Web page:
During his decades-long career, Afro-Mexican drummer and band leader Foreststorn “Chico” Hamilton would become incredibly influential in the ever changing and growing genre of jazz music. A subtle, yet creative drummer, he is best remembered for the series of quintents he led throughout 1955-1965. During that time, he and his jazz bands would play such fusions as cool jazz, post bop, and more, combining unique elements of multiple genres to create a larger than life sound. Hamilton’s music and band leadership exemplifies a great high point for jazz music in the 1950s and 1960s.
Hamilton, born and raised in Los Angeles in a multi-racial household, first picked up drumming in high school, and soon, he was playing with other talented peers, many of whom would go on to become fine musicians themselves, including Dexter Gordon, Illinois Jacquet, Charles Mingus, Ernie Royal, Buddy Collette and Jack Kelso.
Hamilton’s overall sound is hard to encapsulate in any one mode, mood or even genre. Approaching composition (of a song or band) with a broad and sweeping style, his music moves quickly, spryly and with gusto. His 1965 album El Chico features an array of fun and challenging compositions that blend an unorthodox pairing of genres such as bossa, swing and rumba, all meeting at the intersection of jazz.
A great drummer, though with a more laid back approach than some of his contemporaries, Hamilton was even more keen at spotting other talented players in the jazz scene. His quintets and other bands were highly sought after and featured other prominent players in the music scene; his first album as a band leader in 1955 was formed with George Duvivier (double bass) and Howard Roberts (guitar).
That same year, he formed the Chico Hamilton Quintet, a rather unusual construction featuring cello, flute, saxes, clarinet, bass and drums. This band is arguably considered one of the last important West Coast jazz bands and essential to the formation of the cool jazz music scene that sprouted in California during that time.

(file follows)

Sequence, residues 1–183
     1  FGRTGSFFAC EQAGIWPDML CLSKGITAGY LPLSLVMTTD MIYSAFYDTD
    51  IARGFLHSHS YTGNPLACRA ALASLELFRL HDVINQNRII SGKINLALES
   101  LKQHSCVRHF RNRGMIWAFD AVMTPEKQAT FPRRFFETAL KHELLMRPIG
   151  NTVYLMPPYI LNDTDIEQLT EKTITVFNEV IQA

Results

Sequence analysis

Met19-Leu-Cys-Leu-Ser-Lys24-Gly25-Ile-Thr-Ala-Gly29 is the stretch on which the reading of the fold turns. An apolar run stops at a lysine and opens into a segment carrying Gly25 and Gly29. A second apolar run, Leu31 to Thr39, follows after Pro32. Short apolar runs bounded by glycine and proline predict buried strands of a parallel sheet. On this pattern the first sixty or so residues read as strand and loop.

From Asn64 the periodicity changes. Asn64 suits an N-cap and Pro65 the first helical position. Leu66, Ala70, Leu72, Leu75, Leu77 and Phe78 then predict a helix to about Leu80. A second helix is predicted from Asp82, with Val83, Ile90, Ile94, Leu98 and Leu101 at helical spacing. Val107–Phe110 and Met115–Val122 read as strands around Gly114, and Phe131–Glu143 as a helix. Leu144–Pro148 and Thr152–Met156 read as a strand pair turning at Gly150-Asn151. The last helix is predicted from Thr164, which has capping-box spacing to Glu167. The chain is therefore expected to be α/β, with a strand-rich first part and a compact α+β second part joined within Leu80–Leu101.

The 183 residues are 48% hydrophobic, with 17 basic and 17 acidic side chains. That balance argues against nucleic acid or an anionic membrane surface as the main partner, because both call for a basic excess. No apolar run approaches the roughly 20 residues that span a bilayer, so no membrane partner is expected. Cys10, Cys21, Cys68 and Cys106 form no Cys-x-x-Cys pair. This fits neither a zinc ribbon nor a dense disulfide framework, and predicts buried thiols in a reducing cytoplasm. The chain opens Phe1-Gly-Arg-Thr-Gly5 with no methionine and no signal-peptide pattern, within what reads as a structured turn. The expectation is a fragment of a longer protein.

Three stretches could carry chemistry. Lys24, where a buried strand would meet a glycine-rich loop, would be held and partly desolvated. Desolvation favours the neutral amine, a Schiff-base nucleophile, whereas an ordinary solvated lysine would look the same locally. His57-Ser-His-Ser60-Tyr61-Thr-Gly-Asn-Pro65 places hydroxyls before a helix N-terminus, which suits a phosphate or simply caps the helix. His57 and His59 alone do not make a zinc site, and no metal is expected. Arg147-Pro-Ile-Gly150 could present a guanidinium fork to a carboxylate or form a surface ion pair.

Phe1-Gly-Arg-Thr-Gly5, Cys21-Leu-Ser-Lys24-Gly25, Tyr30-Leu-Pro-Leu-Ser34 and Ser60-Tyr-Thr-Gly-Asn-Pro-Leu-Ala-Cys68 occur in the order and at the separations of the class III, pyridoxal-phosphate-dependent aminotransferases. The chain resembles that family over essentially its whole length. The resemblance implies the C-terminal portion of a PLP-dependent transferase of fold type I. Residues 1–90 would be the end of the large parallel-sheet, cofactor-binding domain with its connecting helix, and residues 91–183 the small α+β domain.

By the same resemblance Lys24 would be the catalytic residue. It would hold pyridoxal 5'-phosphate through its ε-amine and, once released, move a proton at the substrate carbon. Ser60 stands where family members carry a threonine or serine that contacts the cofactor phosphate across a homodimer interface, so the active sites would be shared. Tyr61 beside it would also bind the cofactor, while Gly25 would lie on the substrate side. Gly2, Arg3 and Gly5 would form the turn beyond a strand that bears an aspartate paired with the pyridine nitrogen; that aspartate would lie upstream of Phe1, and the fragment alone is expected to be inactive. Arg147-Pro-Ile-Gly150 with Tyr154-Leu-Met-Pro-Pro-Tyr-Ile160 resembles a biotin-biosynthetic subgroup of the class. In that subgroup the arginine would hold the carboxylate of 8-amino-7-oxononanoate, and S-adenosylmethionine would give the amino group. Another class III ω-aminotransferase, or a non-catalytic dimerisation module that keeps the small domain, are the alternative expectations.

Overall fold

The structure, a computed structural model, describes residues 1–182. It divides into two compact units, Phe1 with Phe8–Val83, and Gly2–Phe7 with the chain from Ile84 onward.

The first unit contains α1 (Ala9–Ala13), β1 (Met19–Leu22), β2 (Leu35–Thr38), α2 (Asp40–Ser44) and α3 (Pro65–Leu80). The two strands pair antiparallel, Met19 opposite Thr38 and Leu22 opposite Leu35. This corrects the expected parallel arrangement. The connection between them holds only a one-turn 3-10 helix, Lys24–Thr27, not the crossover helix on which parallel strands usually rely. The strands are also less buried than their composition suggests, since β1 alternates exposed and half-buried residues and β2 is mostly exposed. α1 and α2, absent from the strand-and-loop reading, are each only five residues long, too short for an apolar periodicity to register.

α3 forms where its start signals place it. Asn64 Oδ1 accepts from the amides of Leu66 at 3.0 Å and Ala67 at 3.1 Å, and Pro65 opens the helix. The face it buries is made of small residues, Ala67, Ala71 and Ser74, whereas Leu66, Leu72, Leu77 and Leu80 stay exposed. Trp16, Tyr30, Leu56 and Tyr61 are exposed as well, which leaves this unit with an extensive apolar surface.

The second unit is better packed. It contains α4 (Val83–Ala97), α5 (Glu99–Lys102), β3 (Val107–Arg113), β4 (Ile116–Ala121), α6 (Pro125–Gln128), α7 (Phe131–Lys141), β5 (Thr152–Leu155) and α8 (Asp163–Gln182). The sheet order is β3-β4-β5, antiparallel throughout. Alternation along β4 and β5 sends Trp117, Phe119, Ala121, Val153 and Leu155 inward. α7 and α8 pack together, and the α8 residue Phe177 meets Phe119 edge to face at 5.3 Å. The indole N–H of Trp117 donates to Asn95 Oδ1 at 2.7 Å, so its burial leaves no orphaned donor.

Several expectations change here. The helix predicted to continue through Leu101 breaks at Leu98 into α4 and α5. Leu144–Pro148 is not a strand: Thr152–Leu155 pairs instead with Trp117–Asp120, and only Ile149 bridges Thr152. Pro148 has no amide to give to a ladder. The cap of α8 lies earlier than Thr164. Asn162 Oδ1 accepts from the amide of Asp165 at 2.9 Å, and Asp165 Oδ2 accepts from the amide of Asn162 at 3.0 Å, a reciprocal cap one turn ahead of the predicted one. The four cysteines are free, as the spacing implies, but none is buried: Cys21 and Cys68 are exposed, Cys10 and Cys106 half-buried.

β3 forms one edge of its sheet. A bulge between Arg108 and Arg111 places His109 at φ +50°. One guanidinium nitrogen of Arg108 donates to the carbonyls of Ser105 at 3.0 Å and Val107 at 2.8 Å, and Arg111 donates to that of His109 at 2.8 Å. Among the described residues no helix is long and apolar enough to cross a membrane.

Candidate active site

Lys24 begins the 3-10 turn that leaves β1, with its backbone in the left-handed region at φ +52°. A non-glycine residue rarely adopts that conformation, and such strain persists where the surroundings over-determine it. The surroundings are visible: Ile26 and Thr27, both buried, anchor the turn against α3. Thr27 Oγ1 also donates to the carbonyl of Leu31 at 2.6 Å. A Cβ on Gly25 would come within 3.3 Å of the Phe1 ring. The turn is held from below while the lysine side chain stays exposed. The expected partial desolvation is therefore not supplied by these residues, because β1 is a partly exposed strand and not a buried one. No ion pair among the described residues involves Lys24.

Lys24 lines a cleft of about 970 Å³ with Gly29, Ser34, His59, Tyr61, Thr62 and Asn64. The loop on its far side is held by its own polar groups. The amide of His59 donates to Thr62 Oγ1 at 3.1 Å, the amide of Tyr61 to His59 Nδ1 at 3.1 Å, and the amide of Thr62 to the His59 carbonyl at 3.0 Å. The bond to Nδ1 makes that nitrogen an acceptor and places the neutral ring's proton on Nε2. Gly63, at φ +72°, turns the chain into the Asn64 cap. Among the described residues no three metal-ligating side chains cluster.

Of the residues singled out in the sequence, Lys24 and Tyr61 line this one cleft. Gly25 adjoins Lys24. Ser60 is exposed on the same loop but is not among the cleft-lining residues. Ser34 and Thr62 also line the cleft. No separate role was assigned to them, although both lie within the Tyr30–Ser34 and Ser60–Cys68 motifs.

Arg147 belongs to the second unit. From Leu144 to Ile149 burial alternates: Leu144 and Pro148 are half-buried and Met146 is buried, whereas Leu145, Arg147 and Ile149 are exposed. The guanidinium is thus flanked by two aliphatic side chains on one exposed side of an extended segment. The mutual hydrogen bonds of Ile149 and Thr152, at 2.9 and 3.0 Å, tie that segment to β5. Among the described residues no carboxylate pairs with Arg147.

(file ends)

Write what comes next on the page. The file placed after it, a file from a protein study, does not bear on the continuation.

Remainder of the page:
The Chico Hamilton Quintet was extremely popular, and their performance during “Jazz on a Summer’s Day,” a concert film set at the 1958 Newport Jazz Festival in Rhode Island, was a particularly memorable performance for the group and a standout scene in the documentary film.
Throughout his career, Hamilton also wrote and composed music for major motion pictures and for commercials including the films “Sweet Smell of Success” (1957), where the band itself was also featured in the film, and “Repulsion” (1965). His tracks “The Sage” and “Blue Sand” were also featured in two of PT Anderson’s films; the former in “Boogie Nights” (1997) and the latter in “Licorice Pizza” (2021).
Now passed on, Hamilton’s music is still finding an audience amongst jazz lovers and those who love eclectic, timeless music. The ebb an flow of his career never deterred him from continuing with his music, and as musical tasted changed, he adjusted and found outlets to stay relevant and in the scene, even if it was behind the screen of motion pictures.
His music can be found on many streaming platforms including Spotify and Apple Music, and many of his songs can be found on YouTube.
Words: Patti Sanchez